Research documenting ancient Egyptian art at the Chapel of Hatshepsut has shed rare light on how the reliefs were made.
New light has been shed on how ancient Egyptian art was made by a pair of reliefs in the city of Thebes that contain traces of most of the steps in the art’s creation. Research was also able to identify which artists made which parts of the relief, where apprentices trained, and more.
Together, this provides a unique snapshot, frozen in time, of how this particular piece was produced and offers new insight into how ancient Egyptian art was made.
The discovery was made at the Temple of Hatshepsut, dedicated to the female pharaoh of the same name who ruled from 1473 – 1458 BC. In the largest room of the temple, known as the Chapel of Hatshepsut, are mirrored reliefs of a procession bringing offerings to the pharaoh.
For nearly a decade, researchers worked to fully document these massive reliefs; each of which is nearly 13 metres long and features 100 figures of offering bearers, along with the enthroned Hatshepsut and the list of her offering menu. In the process of documentation, Dr Anastasiia Stupko-Lubczynska, from the University of Warsaw, discovered traces of most of the steps of the relief making process in the art. Her work is published in the journal
“The method was to render the wall surfaces at 1:1 scale on plastic-film sheets attached directly to the walls. These were then scanned and processed as vector graphics,” said Dr Stupko-Lubczynska, “I couldn’t stop thinking our documentation team was replicating the actions of those who created these images 3,500 years ago. Like us, ancient sculptors sat on scaffolding, chatting and working together.”
Archaeologists had long known how ancient Egyptian art was made thanks to half-finished pieces preserving the process in action. However, as each step in production covered up the previous one, evidence from finished pieces is rare.
“The chapel’s soft limestone is a very promising material for study, as it preserves traces of various carving activities, from preparing the wall surface to the master sculptor’s final touches,” said Dr Stupko-Lubczynska.
The seven-step process, with traces of most of them preserved in the Chapel, is:
1. Smoothing the wall and plastering of defects in the stone and joints between blocks.
2. Division of the wall surface into sections and application of a square grid.
3. The preliminary sketch is drawn in red paint, copied from a pre-prepared drawing.
4. Correction of the sketch by a master artist, who also added details in black paint.
5. Any text to accompany the images was inscribed.
6. With all the outlines done, the sculptors started their work, following the black lines.
7. The finished relief surface was whitewashed and coloured.
However, as well as finding traces of how the images were made, Dr Stupko-Lubczynska wanted to also study who was behind the impressive artwork.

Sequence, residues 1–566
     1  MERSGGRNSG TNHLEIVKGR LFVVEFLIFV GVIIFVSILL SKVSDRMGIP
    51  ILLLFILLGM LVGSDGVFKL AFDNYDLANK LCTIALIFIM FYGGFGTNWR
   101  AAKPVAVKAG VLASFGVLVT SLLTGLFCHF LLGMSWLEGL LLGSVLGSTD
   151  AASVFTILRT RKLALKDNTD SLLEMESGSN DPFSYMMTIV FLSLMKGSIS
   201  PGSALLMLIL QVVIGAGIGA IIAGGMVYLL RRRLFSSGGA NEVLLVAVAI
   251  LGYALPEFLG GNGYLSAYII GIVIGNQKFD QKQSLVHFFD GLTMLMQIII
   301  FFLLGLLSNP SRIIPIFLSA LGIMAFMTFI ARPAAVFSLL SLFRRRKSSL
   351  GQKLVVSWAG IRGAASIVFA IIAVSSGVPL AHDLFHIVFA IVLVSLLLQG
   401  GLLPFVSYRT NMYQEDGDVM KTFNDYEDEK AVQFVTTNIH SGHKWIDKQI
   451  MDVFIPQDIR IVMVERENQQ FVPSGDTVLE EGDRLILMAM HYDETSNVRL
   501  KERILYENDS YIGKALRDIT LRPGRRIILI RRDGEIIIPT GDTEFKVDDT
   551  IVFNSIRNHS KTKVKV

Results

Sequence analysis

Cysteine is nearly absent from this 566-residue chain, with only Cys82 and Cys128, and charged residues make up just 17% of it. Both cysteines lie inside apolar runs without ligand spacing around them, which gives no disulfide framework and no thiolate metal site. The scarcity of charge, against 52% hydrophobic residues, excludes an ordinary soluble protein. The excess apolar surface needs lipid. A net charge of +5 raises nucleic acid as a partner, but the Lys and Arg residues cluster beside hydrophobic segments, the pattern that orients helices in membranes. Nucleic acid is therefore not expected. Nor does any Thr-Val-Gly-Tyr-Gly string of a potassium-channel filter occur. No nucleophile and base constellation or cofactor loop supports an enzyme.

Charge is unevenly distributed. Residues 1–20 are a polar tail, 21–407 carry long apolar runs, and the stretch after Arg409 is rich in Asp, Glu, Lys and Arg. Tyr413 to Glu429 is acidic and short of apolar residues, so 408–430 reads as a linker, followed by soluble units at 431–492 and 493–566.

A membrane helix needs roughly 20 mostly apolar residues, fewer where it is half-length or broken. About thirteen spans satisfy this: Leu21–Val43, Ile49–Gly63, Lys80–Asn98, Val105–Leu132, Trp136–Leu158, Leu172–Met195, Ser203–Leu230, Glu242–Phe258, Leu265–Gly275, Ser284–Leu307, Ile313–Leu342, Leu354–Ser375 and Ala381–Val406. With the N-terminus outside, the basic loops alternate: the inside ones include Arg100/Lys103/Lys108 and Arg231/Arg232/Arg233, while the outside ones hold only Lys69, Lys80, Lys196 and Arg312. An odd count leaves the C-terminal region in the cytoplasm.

“By studying traces left in the stone by ancient chisels, it was possible to ‘grasp’ several intangible phenomena, which normally leave no evidence in the archaeological record,” she said.
This included identifying which parts of the image were made by apprentices, or people with less skill, and which were made by the masters of their craft. As in Renaissance workshops, it seems that those with lower experience worked on non-complex parts like torsos, arms and legs, whilst more experienced artists tackled the complex faces – and corrected the apprentices’ mistakes.
Both groups would work together on the wigs as they were extremely time-consuming. It also offered a chance for the more experienced artists to try and teach others; in one area, a master started the wigs and an apprentice attempted to finish them to the same standard.
“In one place, a master’s workmanship is so remarkably detailed I feel it was done in front of the sculptor(s) learning from him and seems to say “Look at this! Who can beat me?’,” said Dr Stupko-Lubczynska.
“It is generally believed that in ancient Egypt, artists were trained outside of ongoing architectural projects,” she continued, “but my research in the Chapel of Hatshepsut proves that teaching also took place as reliefs were being executed – ‘on the job training.” Although this did not always work out – the research also spotted one wig only half-finished because the apprentice never did his part.
Dr Stupko-Lubczynska had hoped that the detailed record of the art produced by this project could allow for the identification of the hand of individual artists. However, the artists were working to create a homogenous work that matched ancient Egyptian style, masking any signs of individuality that could indicate a figure was made by master X or apprentice Y.
Nevertheless, it was possible to identify that a different crew worked on each of the mirrored reliefs, producing slight differences between them. For instance, a jug on the south wall is shown as a clay container on a rope, while on the north wall it is a metal container.
There were also parts where these crews had to deviate from standard practice. Some of the hieroglyphic inscriptions near the wigs, for example, appear to have been added later in the process than usual. This means that sculptors began their work before all the outlines of those inscriptions had been placed in paint, perhaps because the scribes had no access to that part of the wall as it was occupied by the sculptors practising wig carving.
Together, these reliefs offer not just a rare glimpse of how ancient Egyptian art was produced, but what life was like for the artists. How people with differing experiences had different roles and responsibilities, how crews divided up the work, how masters facilitated on-the-job training, and how those being trained would make mistakes, which had to be fixed. As such, these 2D reliefs provide a 3D snapshot of ancient Egyptians at work. Find out more
Header Image Credit : Antiquity